Article from www.thisgreatgame.com
In the early 1960s, President John F. Kennedy pledged to put a man on the moon by the end of the decade. A lot of people thought he was overreaching. Had the President instead said that the hopeless, lovably pathetic New York Mets would win the World Series by decade’s end, they would have thought he was crazy.
Yet amazingly, both missions would be accomplished by 1969.
For much of the 1960s, the Mets had cemented themselves as the laughingstock of baseball. Starting with their famously awful debut in 1962 in which they dropped a modern record 120 games, the Mets lost an average of 108 games through their first six years—much of it led by manager Casey Stengel, the aging clown prince watching his 24 stooges perform pratfalls on the playing field. The fans—and even the players, it sometimes seemed—reveled in the losing image. If the Mets had a mission statement, it might have read: “To seek new ways of losing so as to entertain our newfound faithful.”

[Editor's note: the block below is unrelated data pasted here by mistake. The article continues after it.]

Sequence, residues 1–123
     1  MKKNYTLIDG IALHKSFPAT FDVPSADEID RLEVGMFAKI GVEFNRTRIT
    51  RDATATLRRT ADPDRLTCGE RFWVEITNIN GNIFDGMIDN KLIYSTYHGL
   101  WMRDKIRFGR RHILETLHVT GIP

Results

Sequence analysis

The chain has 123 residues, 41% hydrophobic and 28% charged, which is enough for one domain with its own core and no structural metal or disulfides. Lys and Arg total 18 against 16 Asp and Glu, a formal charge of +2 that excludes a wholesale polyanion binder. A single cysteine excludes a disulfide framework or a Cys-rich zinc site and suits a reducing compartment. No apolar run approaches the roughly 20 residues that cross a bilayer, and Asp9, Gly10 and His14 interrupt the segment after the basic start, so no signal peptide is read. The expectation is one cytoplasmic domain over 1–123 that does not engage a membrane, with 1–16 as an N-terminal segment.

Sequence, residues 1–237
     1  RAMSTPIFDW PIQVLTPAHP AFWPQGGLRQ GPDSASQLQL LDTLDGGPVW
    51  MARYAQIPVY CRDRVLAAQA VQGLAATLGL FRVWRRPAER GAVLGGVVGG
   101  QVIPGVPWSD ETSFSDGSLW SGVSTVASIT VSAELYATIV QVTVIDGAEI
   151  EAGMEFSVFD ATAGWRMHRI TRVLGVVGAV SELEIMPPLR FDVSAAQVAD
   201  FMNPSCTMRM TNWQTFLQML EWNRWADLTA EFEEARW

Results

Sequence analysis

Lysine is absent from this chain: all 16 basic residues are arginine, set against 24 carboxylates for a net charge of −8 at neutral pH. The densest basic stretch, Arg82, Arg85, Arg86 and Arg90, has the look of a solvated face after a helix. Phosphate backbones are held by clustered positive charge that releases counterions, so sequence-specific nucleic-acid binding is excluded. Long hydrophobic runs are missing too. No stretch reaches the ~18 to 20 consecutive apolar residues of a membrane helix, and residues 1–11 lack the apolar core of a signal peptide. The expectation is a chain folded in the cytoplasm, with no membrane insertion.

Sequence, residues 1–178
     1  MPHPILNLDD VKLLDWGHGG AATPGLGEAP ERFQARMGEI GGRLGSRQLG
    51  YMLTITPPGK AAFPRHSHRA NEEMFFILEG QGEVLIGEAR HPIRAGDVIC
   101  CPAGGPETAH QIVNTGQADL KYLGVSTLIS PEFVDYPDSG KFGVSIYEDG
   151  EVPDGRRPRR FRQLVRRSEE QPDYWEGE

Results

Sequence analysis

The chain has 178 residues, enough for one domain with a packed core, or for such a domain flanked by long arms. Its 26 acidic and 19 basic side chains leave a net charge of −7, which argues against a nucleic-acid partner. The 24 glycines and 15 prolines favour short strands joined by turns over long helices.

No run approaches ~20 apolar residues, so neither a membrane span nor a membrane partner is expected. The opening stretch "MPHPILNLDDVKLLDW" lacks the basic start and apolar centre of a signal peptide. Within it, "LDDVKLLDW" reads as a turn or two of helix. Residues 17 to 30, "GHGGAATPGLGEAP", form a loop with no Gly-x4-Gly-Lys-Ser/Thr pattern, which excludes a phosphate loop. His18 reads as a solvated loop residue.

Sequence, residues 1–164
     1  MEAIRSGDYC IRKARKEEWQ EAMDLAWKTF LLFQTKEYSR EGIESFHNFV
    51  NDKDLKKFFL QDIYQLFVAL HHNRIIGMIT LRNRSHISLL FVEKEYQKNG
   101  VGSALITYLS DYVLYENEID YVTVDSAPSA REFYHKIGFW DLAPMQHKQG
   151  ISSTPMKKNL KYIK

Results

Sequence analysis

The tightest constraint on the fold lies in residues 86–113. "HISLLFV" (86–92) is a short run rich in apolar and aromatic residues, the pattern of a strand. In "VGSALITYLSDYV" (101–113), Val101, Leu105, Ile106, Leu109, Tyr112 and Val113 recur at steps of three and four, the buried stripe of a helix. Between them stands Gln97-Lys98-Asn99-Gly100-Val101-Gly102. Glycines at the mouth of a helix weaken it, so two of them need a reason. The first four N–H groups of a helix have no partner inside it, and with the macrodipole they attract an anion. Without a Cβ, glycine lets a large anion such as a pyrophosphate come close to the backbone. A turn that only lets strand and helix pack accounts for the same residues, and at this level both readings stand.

While NASA was on track to meet its deadline, the Mets were still trying to figure out how to design a proverbial launching pad. Forget 1969, New Yorkers quipped; it seemed a safer bet that the Mets wouldn’t win anything until 2001.
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